“Lord, honey, you’re a ghost,” Minnie Pearl said when she first met Hank Williams III. I have the same reaction; he looks so much like his grandfather that it is unnerving. Tall and lanky, with sunken cheeks and keenly intelligent eyes, he is Hank Sr.’s twin.
But when we settle down into his basement lair, I know that I have not been magically transported back into the early ’50s, when Hank Williams Sr. roamed the earth. Hank III is his own man, and he intends to be seen that way.
With that in mind, let’s forget that he’s a part of country music royalty, that he’s the one who will carry the weight of the Williams name into the 21st century. For the time being, at least. We can get to all of that later.
As our interview begins, Hank III is getting quietly stoned. He takes short, polite hits on his pipe, holds in the smoke as long as possible, then lets it roll off his tongue as he speaks. We are in the basement of the modest little brick he inhabits in East Nashville. Upstairs, the house is neat and orderly; the kitchen smells of rich coffee and there is a collection of mismatched chairs in the living room. It could be anyone’s house, with squeaky clean floors and well-placed lamps that throw dim light into the corners. Not exactly what I had pictured for someone who bills himself as “the honky-tonk hellbilly.”
Once down the carpeted stairs, however, we have entered Hank III’s domain. Club placards (mostly for his own shows) cover the walls. There is a collection of skulls, a space heater that cracks and pops in the corner, an old record player. CDs are strewn across the floor, mix tapes fill boxes stacked against the wall. Also on the floor are several downloaded pictures of a naked girl. A coffin leans against the wall. It may or may not be a guitar case — it’s hard to tell.
As Hank III begins to talk, he is a constant fidget of nerves, first folding his legs under himself, then putting them out straight so that his body is a long, narrow L. Occasionally he tosses his long hair over his right shoulder. He wears wire rim glasses that seem out of place with the tattoos covering his arms, and socks that are full of comfortable holes. His jeans have been razored at the knee. Naturally, he is wearing a black t-shirt with a skull as its motif. He is polite and well-spoken, mannerly enough to offer me a cigarette and the only chair in sight. He opts to sit on the floor, ignoring the leather bean bag covered by papers and empty Marlboro packs.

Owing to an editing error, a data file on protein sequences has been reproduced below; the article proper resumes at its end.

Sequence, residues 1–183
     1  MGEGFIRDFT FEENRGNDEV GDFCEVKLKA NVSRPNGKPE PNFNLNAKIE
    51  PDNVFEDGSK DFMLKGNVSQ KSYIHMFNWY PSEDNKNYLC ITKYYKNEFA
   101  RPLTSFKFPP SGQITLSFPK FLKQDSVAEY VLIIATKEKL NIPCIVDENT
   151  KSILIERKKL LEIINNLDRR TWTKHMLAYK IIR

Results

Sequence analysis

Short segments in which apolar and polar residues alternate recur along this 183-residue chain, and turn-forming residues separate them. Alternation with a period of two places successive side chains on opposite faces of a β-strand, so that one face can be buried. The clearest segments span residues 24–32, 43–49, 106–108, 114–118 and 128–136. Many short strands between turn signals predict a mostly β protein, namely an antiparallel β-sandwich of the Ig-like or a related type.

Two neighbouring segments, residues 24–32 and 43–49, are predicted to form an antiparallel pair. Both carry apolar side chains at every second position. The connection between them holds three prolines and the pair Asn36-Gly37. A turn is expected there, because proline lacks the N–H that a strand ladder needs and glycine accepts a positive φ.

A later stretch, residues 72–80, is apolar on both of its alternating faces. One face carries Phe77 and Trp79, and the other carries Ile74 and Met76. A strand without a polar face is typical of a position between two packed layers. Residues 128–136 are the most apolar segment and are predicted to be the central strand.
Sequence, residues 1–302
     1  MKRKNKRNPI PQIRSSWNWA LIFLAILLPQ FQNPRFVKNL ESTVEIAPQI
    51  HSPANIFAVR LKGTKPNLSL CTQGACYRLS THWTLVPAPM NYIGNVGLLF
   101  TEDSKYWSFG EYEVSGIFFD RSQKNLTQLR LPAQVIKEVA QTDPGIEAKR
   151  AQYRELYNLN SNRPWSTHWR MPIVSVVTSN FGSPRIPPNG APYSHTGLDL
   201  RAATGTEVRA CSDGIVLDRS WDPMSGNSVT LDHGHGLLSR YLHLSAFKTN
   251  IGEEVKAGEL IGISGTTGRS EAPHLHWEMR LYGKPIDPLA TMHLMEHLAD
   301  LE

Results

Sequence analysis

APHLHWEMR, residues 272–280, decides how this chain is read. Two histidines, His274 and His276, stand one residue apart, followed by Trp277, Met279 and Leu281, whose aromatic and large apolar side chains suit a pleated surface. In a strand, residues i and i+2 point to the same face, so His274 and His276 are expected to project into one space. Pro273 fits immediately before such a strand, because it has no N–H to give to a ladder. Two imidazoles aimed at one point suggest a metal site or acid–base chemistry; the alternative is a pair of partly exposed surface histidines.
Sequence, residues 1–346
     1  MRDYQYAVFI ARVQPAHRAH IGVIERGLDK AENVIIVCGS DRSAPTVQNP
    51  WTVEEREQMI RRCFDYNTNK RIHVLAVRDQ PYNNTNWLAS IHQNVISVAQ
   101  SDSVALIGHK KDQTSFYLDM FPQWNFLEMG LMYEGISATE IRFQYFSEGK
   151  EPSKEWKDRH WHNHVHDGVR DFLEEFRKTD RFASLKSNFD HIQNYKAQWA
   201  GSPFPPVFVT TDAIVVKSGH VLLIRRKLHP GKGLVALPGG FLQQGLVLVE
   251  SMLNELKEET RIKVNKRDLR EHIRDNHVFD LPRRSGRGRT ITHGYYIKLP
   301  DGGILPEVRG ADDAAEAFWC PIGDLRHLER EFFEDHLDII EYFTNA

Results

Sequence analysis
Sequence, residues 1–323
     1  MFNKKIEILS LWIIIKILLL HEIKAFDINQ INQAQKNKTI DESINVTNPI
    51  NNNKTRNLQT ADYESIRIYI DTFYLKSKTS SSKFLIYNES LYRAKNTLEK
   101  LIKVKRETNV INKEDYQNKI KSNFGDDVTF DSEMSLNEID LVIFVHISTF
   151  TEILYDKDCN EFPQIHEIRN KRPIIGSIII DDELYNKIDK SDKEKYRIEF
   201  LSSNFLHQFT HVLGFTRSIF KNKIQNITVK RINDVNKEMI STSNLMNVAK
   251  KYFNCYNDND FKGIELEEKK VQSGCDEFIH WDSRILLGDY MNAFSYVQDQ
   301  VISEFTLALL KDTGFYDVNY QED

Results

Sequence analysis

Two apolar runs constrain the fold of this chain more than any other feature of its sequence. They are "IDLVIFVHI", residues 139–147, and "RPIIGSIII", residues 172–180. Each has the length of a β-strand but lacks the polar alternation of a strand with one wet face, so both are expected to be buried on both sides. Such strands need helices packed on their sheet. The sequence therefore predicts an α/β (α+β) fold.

He does some small talk as he empties the pipe, cleans out the bowl, and fills it again. Then he is ready to discuss his new album, Lovesick, Broke & Driftin’, which was released in January. While he made it common knowledge that he hated his debut album, Risin’ Outlaw, he’s much more satisfied with the new release.
“It’s an organic album, a lot happier, and a lot more real,” he says. “I produced it myself. Used my own songs. And we recorded and mixed it in two weeks. It took Curb two years to put the first one out. We saved them about $100,000, too.”
It’s easy to see why Hank III is happier with Lovesick, Broke & Driftin’. It is a much more complete and focused album than his first effort. It is filled with fun party songs that Hank III has become well-known for on the live circuit, but also mellow, personal songs that he feels a strong attachment to. The album is wide-ranging, surprisingly autobiographical and reflective.
“It’s definitely more mellow. Most people at live shows want us amped up, and I like putting some feeling into a song every once in a while. Most of these songs were written when I was feeling the blues.”
Many of the songs are filled with real emotion, something Hank III believes his last album lacked. “Cecil Brown” is a melancholy ode to small-town life in which the title character gets into trouble and is never forgiven by his townspeople. “That’s about someone on Mom’s side of the family. You know, it’s a little town, he gets into trouble and everybody knows it,” he says. “I can totally relate to it myself.”
Hank III says he was “torn down in the studio” when he went to record “5 Shots Of Whiskey”, which he wrote while living in a trailer in Lebanon, Tennessee, just after the breakup of a seven-year relationship. “I just stayed out there for a couple months feeling pretty miserable. So it brought back some sad memories to record it. Hell, it still does.”
There’s even what Hank III calls a “Jesus song” on this album. “Callin’ Your Name” is about repentance, about reaching out to the Lord. “I believe in good and evil, and that we’re accountable for both,” he says, taking a hit from the pipe. “I write a lot of devil songs, but I write a lot of Jesus ones, too.”
Should anyone think he’s going soft, they should just give a listen to “Mississippi Mud”, which includes the lyrics “I know how to have a damn good time/And I take my shots straight out of the jug/And I like to get pure drunk in the Mississippi mud.” Or “Nighttime Ramblin’ Man”, in which he sings, “I’m going to do some drinking/I’m going to drink all that whiskey that I can…/I’m going to do some smoking/I’m going to smoke all that good stuff that I can/I’m going to do some toking…/I’m a drinking, toking, nighttime rambling man.”